When I was growing up, the most stressful moments of my life involved standardized test taking. Not that I did badly on them, exactly, but virtually everyone I knew felt the same way, because testers always seemed to test things we hadn’t been taught.
Standardized tests have been around for a long time, but they really came into vogue during and after World War II, where the U.S. government had to rack and stack millions of Americans in various military and civilian jobs in order to find out just who, precisely, could do what.
For example, my dad had to take the Army General Classification Test when he entered the military en route to the Korean War. He was a very smart guy (he later got a Ph.D. in plant pathology), but the Army wasn’t really in need of smart guys; they were in need of guys who could fire a rifle. He wanted to be a surveyor (smart guys do that), but Uncle Sam wanted to make sure he didn’t do that, so they gave him their version of the IQ test at 3 a.m., after a 10-mile hike.
He scored a 103 (average), which was about 37 points lower than he would have scored had he not had the hike and the sleep deprivation. And, yes, here’s your M-1 rifle and enjoy your guided tour north of the 38th Parallel.
Since I heard this anecdote, I have been a bit skeptical of standardized tests.
There’s a bill in the California Assembly now that would allow school districts to opt out of the STAR tests, which is the state’s current method of rating schools and students. In some schools, where, say, affluent, non-sleep deprived students with educated parents are the norm, students tend to do better on these tests than kids who are in chaotic households where mom and dad don’t subscribe to The New Yorker or The Economist.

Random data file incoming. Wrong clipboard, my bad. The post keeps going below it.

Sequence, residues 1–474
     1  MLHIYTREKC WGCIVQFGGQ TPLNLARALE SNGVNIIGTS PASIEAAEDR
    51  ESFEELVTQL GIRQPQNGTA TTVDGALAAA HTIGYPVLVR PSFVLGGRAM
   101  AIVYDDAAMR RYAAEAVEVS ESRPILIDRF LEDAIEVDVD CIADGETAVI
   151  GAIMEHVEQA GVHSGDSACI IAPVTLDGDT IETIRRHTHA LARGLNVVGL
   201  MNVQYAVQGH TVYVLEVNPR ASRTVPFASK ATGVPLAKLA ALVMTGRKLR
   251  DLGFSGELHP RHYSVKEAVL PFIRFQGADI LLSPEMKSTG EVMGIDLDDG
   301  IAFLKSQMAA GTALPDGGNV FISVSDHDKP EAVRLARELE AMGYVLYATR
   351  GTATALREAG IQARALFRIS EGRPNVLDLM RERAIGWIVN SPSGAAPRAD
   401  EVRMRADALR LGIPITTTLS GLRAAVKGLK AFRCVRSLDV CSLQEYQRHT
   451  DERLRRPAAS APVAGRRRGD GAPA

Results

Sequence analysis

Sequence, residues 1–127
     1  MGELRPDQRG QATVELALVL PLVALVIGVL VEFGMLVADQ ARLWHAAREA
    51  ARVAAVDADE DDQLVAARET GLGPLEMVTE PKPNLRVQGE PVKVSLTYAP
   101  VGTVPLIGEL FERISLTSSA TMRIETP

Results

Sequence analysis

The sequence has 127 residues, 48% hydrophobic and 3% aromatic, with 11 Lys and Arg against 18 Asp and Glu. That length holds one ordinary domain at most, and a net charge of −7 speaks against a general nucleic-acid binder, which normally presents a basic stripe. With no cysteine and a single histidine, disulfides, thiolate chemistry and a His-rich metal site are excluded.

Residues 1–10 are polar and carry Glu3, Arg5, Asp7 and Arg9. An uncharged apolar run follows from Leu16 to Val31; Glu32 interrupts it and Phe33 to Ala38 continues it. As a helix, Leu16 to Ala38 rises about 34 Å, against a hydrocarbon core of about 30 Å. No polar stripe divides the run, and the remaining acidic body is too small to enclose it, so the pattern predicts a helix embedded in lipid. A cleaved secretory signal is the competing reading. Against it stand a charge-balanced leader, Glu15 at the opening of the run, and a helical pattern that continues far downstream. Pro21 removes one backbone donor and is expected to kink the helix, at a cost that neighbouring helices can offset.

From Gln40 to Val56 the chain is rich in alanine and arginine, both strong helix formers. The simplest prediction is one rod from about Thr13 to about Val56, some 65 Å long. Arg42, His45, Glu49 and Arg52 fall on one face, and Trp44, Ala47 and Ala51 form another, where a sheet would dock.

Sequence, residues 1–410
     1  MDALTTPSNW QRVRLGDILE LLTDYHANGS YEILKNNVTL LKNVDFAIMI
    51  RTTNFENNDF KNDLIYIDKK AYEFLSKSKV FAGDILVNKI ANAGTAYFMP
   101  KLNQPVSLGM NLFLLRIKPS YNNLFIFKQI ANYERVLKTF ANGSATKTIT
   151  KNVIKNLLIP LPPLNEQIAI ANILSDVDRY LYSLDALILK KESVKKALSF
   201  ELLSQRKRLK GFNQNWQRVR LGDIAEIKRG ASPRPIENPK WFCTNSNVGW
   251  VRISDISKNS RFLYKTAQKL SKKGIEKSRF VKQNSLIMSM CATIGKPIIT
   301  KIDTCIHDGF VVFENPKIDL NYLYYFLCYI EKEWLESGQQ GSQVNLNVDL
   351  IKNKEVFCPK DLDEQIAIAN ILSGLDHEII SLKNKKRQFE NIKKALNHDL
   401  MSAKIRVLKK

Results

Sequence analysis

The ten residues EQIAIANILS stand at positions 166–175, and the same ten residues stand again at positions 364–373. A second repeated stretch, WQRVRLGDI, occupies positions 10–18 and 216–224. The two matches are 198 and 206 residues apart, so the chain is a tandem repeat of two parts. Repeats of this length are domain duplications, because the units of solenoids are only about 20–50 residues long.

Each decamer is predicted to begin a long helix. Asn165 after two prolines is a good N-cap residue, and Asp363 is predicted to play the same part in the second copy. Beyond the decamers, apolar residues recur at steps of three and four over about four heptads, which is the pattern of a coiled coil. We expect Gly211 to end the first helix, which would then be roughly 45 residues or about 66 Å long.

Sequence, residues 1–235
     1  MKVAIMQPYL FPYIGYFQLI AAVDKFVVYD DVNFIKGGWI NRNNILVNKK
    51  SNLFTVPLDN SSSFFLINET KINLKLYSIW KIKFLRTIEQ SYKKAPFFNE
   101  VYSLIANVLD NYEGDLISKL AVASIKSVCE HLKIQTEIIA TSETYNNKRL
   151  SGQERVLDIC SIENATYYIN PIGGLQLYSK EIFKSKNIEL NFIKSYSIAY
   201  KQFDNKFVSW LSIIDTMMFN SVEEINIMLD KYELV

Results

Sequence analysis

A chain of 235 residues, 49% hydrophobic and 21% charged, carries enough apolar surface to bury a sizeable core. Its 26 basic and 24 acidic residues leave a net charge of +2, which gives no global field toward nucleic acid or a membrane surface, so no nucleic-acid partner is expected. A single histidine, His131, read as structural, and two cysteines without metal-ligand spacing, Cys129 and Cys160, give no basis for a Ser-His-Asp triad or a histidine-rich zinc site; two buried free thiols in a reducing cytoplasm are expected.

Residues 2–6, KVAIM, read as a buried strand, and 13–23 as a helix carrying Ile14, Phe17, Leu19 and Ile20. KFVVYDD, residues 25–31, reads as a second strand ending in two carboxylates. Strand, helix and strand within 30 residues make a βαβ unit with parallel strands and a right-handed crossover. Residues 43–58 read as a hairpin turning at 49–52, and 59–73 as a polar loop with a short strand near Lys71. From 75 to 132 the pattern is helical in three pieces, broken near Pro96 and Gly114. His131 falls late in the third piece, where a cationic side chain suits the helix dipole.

I had to take the PSAT (Preliminary Scholastic Aptitude Test), and some other college placement test. Since I was going to the University of Minnesota School of Agriculture (yeah, go figure: they have a great editorial cartooning program), they didn’t require the SAT. The PSAT is just like the SAT in that it contained questions like these:
D.) We made this word up
C.) x? What’s x?
D.) Your accountant will do this for you later in life
One of the other standardized tests I took in 10th grade was the Kuder Vocational Preference Test (now jazzily re-titled the Kuder Career Interest Assessment -- “vocational” sounds so … vocational), which was designed to predict what profession would by right for you. This wasn’t a test that measured anything that you actually knew, it was more of a survey. A typical question would be something like this:
Would you rather:
A.) use a Stilson wrench to smash a watermelon to bits
B.) sit quietly and watch “The Rockford Files”
C.) pilot a really cool jet using mental powers while playing the viola
D.) add up long columns of numbers
In my case, for some reason, I kept choosing the answer “add up long columns of numbers,” a social lie, which led the Kuder test to reveal that I should be an accountant. Crestfallen, I really wanted to be governor of Minnesota, which turned out later to be way easier to do than I thought. They never asked me if I wanted to be a WWF wrestler, I guess.
In short, my experience with standardized testing has left me with a feeling of insouciance.
Oh, insouciance is a good word that I can never remember for tests, either. Or now. I had to look it up.
And that leaves me with a strong sense of preverdantiantionarance, too.